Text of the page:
While in 2010 the coalition agreement focused on the grim work of cutting the deficit, it may just be that in May compromise will be motivated by reducing inequalityby Emran Mian / February 5, 2015 / Leave a comment
Could Labour and the Liberal Democrats realistically come up with a coalition agreement? The hardware for a coalition—the tallies of votes and seats—won’t be in place until after election day (though many opinion polls suggest that a Lab-Lib bloc may be large enough to govern.) But most of the software for a coalition can be assembled now. Centre Forum—a liberal think tank—and the Fabian Society—often close to Labour party policy—have tried to do that in a report this week. They find “significant common ground” between the policy promises of the two parties, enough to provide a starting point for negotiation.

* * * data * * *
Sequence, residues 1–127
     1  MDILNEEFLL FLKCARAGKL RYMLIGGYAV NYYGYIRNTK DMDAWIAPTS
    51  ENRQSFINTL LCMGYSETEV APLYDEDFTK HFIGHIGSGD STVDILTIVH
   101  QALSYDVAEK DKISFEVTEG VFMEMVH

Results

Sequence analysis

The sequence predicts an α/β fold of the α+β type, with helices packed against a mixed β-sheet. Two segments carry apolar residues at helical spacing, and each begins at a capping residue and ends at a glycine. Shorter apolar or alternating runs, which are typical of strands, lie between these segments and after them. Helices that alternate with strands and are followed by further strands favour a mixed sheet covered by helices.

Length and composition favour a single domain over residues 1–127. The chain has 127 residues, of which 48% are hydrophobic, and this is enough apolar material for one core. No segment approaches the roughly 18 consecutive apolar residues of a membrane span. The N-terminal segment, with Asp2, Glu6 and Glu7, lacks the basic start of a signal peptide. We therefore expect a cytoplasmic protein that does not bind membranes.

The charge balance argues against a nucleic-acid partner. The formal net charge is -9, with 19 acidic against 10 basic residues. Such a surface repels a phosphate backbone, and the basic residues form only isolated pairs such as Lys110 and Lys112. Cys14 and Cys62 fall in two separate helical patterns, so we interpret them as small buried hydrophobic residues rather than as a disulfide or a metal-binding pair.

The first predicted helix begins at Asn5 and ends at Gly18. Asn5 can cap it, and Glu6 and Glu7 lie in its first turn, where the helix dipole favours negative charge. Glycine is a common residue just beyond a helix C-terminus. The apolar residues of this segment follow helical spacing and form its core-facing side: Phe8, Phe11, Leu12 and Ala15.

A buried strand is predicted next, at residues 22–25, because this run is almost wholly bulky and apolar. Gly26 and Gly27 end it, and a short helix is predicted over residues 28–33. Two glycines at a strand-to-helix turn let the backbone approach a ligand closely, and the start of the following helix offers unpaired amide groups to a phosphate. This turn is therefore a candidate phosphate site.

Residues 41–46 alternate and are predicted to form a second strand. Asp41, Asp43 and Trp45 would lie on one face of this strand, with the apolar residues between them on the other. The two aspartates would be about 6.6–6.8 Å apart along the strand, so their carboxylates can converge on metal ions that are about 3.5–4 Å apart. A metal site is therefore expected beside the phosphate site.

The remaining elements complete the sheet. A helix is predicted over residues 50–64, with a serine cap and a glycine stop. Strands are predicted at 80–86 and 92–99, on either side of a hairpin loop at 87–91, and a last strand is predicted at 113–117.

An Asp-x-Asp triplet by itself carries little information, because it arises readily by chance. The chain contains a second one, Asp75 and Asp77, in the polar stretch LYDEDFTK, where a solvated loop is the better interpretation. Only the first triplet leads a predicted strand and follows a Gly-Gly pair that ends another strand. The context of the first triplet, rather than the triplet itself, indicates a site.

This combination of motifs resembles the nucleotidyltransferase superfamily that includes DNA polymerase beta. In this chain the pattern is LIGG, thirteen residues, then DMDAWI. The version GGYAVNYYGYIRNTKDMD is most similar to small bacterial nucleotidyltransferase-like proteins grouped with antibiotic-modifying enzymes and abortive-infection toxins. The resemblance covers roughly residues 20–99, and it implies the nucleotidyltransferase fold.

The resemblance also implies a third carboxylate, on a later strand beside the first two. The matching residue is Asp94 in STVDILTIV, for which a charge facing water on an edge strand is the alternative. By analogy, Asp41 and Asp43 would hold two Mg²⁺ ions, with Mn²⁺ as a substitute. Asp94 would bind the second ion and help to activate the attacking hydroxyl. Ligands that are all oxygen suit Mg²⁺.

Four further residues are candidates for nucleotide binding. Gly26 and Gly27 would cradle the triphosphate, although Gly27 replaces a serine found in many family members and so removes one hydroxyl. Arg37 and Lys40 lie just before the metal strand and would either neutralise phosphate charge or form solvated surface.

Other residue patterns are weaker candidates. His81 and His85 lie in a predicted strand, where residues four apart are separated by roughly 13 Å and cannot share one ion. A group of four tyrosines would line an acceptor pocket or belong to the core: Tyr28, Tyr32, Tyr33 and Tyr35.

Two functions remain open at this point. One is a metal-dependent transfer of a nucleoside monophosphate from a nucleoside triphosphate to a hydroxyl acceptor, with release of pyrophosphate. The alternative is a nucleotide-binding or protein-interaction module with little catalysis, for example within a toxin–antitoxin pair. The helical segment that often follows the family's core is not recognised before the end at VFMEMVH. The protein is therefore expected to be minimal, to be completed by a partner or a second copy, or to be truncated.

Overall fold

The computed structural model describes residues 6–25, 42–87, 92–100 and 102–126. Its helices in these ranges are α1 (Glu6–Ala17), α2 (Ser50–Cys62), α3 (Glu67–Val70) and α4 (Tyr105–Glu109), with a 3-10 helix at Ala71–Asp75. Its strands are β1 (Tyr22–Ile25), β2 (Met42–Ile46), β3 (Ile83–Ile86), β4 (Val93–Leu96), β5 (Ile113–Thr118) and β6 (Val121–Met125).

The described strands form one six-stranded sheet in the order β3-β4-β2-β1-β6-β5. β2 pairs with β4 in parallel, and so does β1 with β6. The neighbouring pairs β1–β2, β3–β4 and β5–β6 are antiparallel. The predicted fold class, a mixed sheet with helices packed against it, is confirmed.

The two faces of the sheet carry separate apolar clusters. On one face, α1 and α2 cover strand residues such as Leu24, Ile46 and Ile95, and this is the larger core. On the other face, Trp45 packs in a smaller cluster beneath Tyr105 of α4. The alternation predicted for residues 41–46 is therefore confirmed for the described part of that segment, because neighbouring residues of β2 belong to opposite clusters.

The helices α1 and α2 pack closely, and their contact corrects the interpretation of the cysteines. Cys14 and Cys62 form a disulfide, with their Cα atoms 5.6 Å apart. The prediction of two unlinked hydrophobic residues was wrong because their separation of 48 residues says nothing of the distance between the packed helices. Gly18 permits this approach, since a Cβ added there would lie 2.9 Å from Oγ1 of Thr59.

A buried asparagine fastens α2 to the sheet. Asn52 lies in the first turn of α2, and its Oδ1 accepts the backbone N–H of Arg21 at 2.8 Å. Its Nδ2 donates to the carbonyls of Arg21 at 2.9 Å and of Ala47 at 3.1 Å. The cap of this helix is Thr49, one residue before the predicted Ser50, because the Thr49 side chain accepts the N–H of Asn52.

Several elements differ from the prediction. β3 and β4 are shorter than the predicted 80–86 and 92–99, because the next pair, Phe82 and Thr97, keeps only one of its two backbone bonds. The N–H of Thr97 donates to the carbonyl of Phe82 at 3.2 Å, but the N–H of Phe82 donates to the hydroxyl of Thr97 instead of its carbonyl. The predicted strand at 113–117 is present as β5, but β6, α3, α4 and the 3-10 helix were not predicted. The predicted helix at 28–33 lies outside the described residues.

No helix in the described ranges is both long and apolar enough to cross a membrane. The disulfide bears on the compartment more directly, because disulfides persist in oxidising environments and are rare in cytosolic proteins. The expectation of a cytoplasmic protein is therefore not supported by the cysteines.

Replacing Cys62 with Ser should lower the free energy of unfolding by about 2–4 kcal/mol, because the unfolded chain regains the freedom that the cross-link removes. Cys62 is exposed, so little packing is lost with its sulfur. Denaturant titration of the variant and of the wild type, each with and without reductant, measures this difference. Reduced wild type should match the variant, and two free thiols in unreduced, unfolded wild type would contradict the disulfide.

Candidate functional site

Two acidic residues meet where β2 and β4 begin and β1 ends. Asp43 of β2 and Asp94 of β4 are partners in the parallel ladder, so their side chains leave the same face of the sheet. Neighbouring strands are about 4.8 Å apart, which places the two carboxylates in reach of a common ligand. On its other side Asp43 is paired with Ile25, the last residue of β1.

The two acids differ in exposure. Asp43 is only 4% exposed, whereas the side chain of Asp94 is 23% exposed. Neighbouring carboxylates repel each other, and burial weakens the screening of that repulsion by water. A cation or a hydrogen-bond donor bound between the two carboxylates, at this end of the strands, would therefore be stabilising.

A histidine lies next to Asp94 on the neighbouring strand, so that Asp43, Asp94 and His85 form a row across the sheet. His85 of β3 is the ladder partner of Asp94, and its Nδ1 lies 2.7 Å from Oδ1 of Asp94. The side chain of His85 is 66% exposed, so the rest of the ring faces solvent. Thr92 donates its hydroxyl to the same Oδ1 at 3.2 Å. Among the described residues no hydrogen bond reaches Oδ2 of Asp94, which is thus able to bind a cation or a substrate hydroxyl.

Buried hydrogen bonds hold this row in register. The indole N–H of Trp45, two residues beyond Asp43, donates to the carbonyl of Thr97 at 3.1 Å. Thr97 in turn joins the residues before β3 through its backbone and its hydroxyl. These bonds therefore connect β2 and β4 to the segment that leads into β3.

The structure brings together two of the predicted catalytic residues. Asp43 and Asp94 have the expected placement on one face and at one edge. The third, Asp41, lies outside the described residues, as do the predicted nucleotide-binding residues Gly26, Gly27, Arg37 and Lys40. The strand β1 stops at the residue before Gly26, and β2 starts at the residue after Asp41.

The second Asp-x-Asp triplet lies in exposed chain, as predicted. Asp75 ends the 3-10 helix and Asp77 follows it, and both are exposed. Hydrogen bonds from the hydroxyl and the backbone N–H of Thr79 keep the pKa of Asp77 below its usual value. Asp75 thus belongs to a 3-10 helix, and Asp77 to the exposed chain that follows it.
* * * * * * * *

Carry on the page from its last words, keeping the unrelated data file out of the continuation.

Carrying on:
Some of the common ground is featureless. Both parties, for example, support “an active industrial strategy with government led sectoral partnerships,” whatever that means. They also support investment into green technologies. While these might be issues for the back half of a coalition agreement, inserted to add gravitas, they’re not the stuff of the Rose Garden Redux. More significantly, the two parties describe a similar outline for future public spending—cuts, yes, but mitigated by maintaining investment and some tax rises. They would devolve more power and funding to local decision makers, as well as reform the House of Lords. They would agree not to have a referendum on British membership of the EU. While some of Labour’s criticism of big business may create tension across the coalition divide, both parties promise to be tougher on tax avoidance and they have a similar position on getting more employers to pay the Living Wage, through persuasion rather than compulsion.